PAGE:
James Chaney James Earl Chaney_ the son of a plasterer_ was born

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                                      James Chaney

James Earl Chaney, the son of a plasterer, was born in Meridian, Mississippi, on 30th May
1943. An early supporter of the struggle for civil rights, Chaney was suspended from
school for wearing a NAACP badge. After leaving Harris Junior College he worked with his
father as an apprentice plasterer.

In October, 1963, Chaney began volunteer work at the Meridian office of the Congress on
Racial Equality (CORE). He impressed Michael Schwerner, the head of the office, and
was recommended for a full-time post with the organisation.

Chaney was involved with the CORE's Freedom Summer campaign. On 21st June, 1964,
Chaney, along with Andrew Goodman and Michael Schwerner, went to Longdale to visit
Mt. Zion Methodist Church, a building that had been fire-bombed by the Ku Klux Klan
because it was going to be used as a Freedom School.

On the way back to the CORE office in Meridian, the three men were arrested by Deputy
Sheriff Cecil Price. Later that evening they were released from the Neshoba jail only to be
stopped again on a rural road where a white mob shot them dead and buried them in a
earthen dam.

When Attorney General Robert Kennedy heard that the men were missing, he arranged
for Joseph Sullivan of the Federal Bureau of Investigations (FBI) to go to Mississippi to
discover what has happened. On 4th August, 1964, FBI agents found the bodies in an
earthen dam at Old Jolly Farm.
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                         James Earl Chaney's mother, Fannie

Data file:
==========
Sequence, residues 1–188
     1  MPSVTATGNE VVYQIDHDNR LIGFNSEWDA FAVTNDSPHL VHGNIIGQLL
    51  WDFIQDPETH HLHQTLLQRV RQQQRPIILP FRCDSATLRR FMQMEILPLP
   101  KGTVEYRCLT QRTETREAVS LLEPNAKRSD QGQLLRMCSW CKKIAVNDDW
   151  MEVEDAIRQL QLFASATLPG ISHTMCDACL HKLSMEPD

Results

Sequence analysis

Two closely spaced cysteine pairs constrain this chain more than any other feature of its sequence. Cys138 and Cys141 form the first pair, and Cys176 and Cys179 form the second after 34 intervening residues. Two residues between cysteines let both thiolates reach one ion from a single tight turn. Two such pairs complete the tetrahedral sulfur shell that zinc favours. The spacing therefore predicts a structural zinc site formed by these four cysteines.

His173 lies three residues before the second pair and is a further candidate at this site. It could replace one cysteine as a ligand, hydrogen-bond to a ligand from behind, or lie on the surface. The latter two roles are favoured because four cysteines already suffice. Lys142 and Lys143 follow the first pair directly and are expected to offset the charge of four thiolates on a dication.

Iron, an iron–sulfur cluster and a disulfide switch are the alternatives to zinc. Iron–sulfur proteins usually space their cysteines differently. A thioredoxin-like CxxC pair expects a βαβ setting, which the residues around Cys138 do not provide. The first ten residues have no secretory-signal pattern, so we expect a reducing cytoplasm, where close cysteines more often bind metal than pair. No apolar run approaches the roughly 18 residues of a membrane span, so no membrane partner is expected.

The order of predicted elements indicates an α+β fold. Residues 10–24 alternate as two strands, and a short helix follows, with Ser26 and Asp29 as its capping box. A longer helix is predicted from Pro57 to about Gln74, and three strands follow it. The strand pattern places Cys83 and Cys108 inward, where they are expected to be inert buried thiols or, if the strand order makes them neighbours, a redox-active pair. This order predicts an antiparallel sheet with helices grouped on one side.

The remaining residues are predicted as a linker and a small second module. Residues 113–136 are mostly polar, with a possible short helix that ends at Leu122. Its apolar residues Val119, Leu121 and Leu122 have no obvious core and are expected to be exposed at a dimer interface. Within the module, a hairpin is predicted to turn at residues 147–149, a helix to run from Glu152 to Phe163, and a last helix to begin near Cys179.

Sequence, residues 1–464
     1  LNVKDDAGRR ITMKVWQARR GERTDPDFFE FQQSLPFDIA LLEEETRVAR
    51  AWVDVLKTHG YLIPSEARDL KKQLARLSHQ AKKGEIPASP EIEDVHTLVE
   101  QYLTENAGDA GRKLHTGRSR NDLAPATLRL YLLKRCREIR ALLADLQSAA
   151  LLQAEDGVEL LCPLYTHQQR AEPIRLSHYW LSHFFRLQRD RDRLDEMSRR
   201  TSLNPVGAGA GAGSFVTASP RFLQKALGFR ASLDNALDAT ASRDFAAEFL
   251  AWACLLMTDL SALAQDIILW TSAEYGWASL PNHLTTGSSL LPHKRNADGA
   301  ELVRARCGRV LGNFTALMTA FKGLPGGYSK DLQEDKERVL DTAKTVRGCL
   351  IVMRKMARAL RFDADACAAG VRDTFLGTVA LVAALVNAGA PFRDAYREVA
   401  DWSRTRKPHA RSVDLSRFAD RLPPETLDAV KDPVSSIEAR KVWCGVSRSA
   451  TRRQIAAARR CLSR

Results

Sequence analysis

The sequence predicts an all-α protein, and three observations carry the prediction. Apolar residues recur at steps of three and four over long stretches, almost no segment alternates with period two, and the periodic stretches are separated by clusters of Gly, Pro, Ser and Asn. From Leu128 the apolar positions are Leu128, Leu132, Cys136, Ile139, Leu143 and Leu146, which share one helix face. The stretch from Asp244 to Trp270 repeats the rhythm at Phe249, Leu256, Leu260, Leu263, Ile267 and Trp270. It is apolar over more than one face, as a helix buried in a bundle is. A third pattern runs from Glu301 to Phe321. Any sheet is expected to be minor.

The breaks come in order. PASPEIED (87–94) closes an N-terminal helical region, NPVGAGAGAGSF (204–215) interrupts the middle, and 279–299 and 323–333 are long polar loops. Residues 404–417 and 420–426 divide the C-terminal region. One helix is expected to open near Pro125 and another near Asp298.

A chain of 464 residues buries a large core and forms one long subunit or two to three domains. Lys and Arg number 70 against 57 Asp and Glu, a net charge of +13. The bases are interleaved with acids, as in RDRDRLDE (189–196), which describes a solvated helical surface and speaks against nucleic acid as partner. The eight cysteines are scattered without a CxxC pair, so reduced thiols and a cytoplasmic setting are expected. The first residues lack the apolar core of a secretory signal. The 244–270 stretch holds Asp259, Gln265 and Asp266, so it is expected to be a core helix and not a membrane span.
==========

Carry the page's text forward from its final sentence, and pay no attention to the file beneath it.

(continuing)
Chaney and brother Ben at his funeral.

On 13th October, Ku Klux Klan member, James Jordon, confessed to FBI agents that he
witnessed the murders and agreed to co-operate with the investigation. Eventually
nineteen men are arrested and charged with violating the civil rights of Chaney, Michael
Schwerner and Andrew Goodman. This included Sheriff Lawrence Rainey and Deputy
Sheriff Cecil Price.

On 24th February, 1967, Judge William Cox dismissed seventeen of the nineteen
indictments. However, the Supreme Court overruled him and the Mississippi Burning Trial
started on 11th October, 1967. The main evidence against the defendants came from
James Jordon, who had taken part in the killings. Another man, Horace Barnette had also
confessed to the crime but refused to give evidence at the trial.

Jordan claimed that Price had released Chaney, Andrew Goodman and Michael
Schwerner at 10.25. but re-arrested them before they were able to cross the border into
Lauderdale County. Price then took them to to the deserted Rock Cut Road where he
handed them over to the Ku Klux Klan.

On 21st October, 1967, seven of the men were found guilty of conspiring to deprive
Goodman, Schwerner and Chaney of their civil rights and sentenced to prison terms
ranging from three to ten years. This included James Jordon (4 years) and Cecil Price (6
years) but Sheriff Lawrence Rainey was acquitted.

Civil Rights activists led by Ruth Schwerner-Berner, the former wife of Michael Schwerner
and Ben Chaney, the brother of James Chaney, continued to campaign for the men to be
charged with murder. Eventually, it was decided to charge Edgar Ray Killen, a Ku Klux
Klan member and part-time preacher, with more serious offences related to this case. On
June 21, 2005, the forty-first anniversary of the crime, Killen was found guilty of the
manslaughter of the three men.

  Ruth Schwerner-Berner and Ben Chaney celebrate after Edgar Ray Killen was convicted.
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